November 20, 2016

To The People Who Don’t Give Up On Me Because Of My Anxiety And Depression

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Greta Schölderle Møller
Greta Schölderle Møller

It is no secret that life hasn’t been easy lately or for awhile. This isn’t about that. This is for all of the people who are still here despite that. To give some background, I was diagnosed with major depression and anxiety more than a year ago. Once you have that combination, it never fully “goes away.” The best way I can explain it is by saying they are like long distance friends who you hopefully don’t have to see often. When you do see them, they stay with you.

Usually, they overstay their welcome. It is exhausting, mentally and physically, to keep up with them. They steal things from you. They might keep you confined to your house. They might tell you not to get out of bed. They might keep you awake all night telling you embellished stories that aren’t true. They might make you sleep the day away.

They are enough to take your appetite away, but they might also tell you to eat everything in your house. They make you over-analyze every situation you find yourself in. Anxiety tells you to worry about everything. Depression tells you to care about nothing. They will rip you in half if you let them.

I’m lucky. I bet you never thought you’d hear that after a description of a normal day in my head, but I am. I have people pushing me back together in both directions, when these terrible friends of mine try to play tug-of-war with my soul. If love alone could make this all go away, then I would be healthy again. I’m sad to say it doesn’t, but it does help.

You see, sometimes, my brain lies to me. On the days when I get weak and listen to it, my brain seems to scream the lies. I talk to the ones whom I love and the ones who love me. They calm me down enough for me to tell my brain to shut up.

I was talking to my dad yesterday about how bad I was feeling and how I wasn’t sleeping well. He could hear in my voice how low I felt. We went through a list of things I could do (one that we have memorized by now) to start to reclaim my life again. By the end of the call, my heart felt a little lighter.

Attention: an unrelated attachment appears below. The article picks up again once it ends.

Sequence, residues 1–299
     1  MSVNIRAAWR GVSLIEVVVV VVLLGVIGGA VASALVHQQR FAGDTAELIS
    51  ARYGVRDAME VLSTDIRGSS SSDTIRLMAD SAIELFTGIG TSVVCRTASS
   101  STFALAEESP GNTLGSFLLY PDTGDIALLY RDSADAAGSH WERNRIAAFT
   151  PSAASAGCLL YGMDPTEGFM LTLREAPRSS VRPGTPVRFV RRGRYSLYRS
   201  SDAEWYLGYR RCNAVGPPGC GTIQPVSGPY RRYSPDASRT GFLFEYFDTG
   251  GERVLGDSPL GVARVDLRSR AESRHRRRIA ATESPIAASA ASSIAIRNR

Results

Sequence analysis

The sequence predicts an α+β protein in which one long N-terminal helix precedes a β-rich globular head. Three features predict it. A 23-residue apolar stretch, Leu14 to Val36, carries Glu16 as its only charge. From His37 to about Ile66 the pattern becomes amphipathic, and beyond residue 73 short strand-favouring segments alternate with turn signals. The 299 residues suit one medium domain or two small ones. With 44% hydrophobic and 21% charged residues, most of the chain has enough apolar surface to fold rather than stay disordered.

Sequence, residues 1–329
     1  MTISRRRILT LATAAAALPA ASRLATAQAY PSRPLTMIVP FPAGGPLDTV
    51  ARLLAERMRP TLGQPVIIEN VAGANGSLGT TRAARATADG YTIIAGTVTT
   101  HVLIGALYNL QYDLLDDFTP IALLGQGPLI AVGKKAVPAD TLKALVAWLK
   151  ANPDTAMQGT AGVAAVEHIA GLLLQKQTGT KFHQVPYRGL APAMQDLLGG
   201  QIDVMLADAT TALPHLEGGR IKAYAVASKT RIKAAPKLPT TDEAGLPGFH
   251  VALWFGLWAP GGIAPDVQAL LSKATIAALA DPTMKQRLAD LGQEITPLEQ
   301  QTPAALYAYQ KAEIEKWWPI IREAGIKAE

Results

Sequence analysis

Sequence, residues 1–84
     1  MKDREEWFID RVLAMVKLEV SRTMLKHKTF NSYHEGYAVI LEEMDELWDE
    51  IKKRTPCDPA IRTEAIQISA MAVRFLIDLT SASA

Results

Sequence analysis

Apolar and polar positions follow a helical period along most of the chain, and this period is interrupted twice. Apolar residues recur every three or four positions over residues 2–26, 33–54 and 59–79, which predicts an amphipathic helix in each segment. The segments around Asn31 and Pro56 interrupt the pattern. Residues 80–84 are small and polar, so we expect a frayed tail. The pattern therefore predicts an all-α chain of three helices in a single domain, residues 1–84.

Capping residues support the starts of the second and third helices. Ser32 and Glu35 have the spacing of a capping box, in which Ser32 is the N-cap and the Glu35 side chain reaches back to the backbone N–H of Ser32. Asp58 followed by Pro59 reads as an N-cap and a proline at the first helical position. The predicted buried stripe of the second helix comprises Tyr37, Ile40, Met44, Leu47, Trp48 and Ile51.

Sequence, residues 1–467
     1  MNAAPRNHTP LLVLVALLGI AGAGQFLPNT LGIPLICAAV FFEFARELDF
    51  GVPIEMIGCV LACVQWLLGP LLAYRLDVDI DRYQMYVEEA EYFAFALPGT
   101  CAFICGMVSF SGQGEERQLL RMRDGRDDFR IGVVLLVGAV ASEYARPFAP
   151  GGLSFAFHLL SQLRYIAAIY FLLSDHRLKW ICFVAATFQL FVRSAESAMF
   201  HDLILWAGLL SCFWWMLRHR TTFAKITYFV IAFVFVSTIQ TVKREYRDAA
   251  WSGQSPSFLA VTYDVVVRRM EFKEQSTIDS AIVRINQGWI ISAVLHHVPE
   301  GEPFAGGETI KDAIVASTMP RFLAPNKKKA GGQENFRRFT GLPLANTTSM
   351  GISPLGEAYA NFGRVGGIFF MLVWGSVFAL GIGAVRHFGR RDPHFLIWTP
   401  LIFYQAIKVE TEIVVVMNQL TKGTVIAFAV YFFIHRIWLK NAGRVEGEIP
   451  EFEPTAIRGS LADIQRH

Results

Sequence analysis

This took years for me to figure out. It took years for me to ask for help. Asking for help doesn’t mean you’re weak. It means you’ve simply been strong for too long. Even professional weightlifters can’t do a thousands reps without feeling tired.

You might know someone who is going through something similar. Help them. Call them. Message them. Tell them you love them and the world needs them. This is not a “way of thinking” that can be turned on and off. Depression and anxiety does not come from not having gratitude for the things you have.

It doesn’t mean they are selfish. It doesn’t mean they are lazy. It doesn’t mean they can start “thinking happy thoughts” and it will go away. It does mean you need to help them. Everyone fights their own battle that others know nothing about. Battles are won by many people working together, not just one. I am so thankful I don’t fight alone.

“You have incredible people in your life who love you.” I say this to myself during my morning affirmation before I get out of bed. It includes many more sayings about being strong and confident. Most days, those are more difficult to say. The phrase above has never been difficult to say. It comes out of my mouth without hesitation.

To the people who haven’t given up on me, I know you wish you could take it all away. I know you worry. I wish everyone who has these illnesses had people like you. This world would be a better place. Your kindness does not go unnoticed. Your love does not go unfelt. Thank you, from the bottom of my heart. TC mark

This story was published on The Mighty, a platform for people facing health challenges to share their stories and connect.

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